LAI to present reading by author Jamel Brinkley

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August 27, 2018

Jamel Brinkley and book cover

Jamel Brinkley

When you read a short work of fiction, you expect the author to bring a singular character to life.

But that isn’t what makes author Jamel Brinkley’s debut collection, “A Lucky Man: Stories,” truly exceptional, according to reviewer Aram Mrjoian.

Brinkley will present a public reading of his book – which earned the 2018 Sister Mariella Gable Award from the College of Saint Benedict Literary Arts Institute (LAI) - at 7 p.m. Tuesday, Sept. 11, at room 204, Gorecki Center, CSB. The event is free and open to the public.

“A Lucky Man” presents a powerful portrait of black men and boys who have experienced many forms of trauma. These characters struggle to create a stable space for the self while navigating complicated social and familial communities and a world shaped by race, gender and class.

Writing in the Chicago Review of Books, Mrjoian said that each of the nine stories of African-American men in the book “goes far beyond this basic formula. In Brinkley’s work, no character is left untended, no aspect of identity is overlooked, and the results are well-inhabited worlds that feel infinite. A lot of short stories exist in a snow globe, but the nine stories presented here are each a big bang. They burst forth through space and time. They are larger than the sum of their components.”

Mrjoian concludes that the beauty remains, even if it is obfuscated by the hard truths of racism, misogyny and aging.

 “Underneath it all, through all the vulnerable and traumatic moments, some slice of hope for a new direction holds strong. ‘A Lucky Man’ is not only a standout debut for the year, but also a testament to what can be achieved in a short story,” he wrote.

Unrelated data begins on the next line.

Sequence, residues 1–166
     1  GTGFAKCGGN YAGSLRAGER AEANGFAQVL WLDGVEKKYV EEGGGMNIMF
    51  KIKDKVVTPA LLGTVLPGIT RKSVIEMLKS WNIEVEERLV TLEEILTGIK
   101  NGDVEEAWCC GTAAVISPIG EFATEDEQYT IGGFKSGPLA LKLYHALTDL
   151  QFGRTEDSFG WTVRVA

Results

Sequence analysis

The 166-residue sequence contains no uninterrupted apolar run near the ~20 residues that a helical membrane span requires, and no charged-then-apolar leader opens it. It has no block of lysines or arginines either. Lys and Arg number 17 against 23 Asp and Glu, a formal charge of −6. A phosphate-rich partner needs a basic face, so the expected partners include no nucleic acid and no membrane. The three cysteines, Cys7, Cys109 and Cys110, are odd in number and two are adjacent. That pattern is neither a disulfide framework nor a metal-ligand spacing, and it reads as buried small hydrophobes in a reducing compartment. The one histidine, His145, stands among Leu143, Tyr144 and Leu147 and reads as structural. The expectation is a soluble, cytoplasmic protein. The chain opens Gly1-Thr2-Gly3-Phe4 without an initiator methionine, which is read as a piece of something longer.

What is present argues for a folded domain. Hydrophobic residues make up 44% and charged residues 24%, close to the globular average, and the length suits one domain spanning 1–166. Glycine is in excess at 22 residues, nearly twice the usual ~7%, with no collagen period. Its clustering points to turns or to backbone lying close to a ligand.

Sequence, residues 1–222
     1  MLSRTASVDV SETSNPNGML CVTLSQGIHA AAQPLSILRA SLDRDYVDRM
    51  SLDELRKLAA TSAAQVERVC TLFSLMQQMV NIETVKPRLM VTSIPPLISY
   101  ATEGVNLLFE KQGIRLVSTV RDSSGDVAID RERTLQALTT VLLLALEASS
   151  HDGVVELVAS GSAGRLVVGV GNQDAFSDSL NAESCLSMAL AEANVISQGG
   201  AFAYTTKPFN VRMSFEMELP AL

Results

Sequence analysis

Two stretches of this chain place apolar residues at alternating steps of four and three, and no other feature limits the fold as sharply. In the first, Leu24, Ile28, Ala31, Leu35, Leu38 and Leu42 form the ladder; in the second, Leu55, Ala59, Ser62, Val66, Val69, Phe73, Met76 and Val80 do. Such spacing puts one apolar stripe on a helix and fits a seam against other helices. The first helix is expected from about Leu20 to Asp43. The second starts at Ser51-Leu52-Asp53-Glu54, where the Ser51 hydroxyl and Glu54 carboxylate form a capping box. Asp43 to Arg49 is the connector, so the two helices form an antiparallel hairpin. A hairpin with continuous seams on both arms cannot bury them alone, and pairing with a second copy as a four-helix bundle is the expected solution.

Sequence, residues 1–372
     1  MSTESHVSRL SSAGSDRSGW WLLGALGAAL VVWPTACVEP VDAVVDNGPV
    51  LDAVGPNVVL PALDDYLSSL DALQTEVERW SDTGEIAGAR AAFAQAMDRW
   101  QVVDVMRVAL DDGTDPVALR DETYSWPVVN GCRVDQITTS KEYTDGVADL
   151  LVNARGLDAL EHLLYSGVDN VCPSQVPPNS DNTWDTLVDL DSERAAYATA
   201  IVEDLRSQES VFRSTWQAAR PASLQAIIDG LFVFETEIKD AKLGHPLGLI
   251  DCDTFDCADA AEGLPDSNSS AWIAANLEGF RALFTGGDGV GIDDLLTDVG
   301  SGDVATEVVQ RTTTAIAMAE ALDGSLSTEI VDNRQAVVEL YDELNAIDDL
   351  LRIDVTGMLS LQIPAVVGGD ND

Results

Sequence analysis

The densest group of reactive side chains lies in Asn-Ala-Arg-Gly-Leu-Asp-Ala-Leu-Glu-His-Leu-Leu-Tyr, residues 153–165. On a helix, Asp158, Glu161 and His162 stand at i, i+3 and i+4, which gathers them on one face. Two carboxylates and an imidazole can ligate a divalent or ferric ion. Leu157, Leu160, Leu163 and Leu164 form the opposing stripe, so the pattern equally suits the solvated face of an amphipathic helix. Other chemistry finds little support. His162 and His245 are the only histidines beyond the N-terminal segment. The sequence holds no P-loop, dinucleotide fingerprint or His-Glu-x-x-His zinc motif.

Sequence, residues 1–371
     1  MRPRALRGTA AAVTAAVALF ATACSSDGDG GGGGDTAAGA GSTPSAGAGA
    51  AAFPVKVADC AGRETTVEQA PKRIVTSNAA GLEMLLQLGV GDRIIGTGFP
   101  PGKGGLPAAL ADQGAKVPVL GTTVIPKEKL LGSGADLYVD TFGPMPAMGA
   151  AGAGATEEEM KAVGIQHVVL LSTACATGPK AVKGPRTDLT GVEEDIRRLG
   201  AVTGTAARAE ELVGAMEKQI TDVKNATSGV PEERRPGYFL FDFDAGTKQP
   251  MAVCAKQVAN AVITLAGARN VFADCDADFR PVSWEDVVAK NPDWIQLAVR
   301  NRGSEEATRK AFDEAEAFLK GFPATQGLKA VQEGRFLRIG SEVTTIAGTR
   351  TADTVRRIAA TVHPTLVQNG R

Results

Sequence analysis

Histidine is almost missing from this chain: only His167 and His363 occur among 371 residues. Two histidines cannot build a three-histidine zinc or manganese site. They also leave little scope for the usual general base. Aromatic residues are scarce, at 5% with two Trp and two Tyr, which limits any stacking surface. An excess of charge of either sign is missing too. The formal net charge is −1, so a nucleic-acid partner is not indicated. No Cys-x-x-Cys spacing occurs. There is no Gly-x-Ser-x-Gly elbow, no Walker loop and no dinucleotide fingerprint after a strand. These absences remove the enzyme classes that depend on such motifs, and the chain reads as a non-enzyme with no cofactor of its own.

A graduate of Columbia University and the Iowa Writer’s Workshop, Brinkley is currently the Wallace Stegner Fellow in Fiction at Stanford University. He has had his works of fiction published in “The Best American Short Stories of 2018,” and in magazines and journals like A Public Space, Ploughshares, American Short Fiction and LitMag.

Brinkley served as the 2016-17 Carol Houck Smith Fiction Fellow at the Wisconsin Institute for Creative Writing.

Sister Mariella Gable was an English professor at CSB from 1928-73 and was also a Dante scholar, poet, editor and writer. Sister Mariella tirelessly promoted the cause of two then little-known authors, Flannery O’Connor and J.F. Powers, and introduced audiences in the United States to such Irish writers as Frank O'Connor, Seán Ó Faoláin, Mary Lavin and Bryan MacMahon through her many essays and anthologies.

The Sister Mariella Gable Award is given each year by CSB for an important work of literature published by Graywolf Press in Minneapolis. Graywolf Press, described by Ploughshares magazine as “arguably the best small press in the country,” and the Literary Arts Institute at CSB have formed an innovative collaboration to explore new ways of promoting the literary arts on campus, to audiences in the surrounding area and in the Twin Cities.

Past winners of the Sister Mariella Gable Award include Edwidge Danticat (2017), Susan Stewart (2016), Eula Bliss (2015), Claudia Rankine (2014), Ru Freeman (2013), Deborah Baker (2012), Binyavanga Wainaina (2011), Tiphanie Yanique (2010), Ellen Bryan Voigt (2009), Linda Gregg (2008), Tracy K. Smith (2007), Nurruddin Farah (2006), Jane Kenyon (2005), Clint McCown (2004), Joe Coomer (2003), Judith Kitchen (2002) and Victoria Redel (2001).

The event is sponsored by the LAI with the support of the Manitou Fund.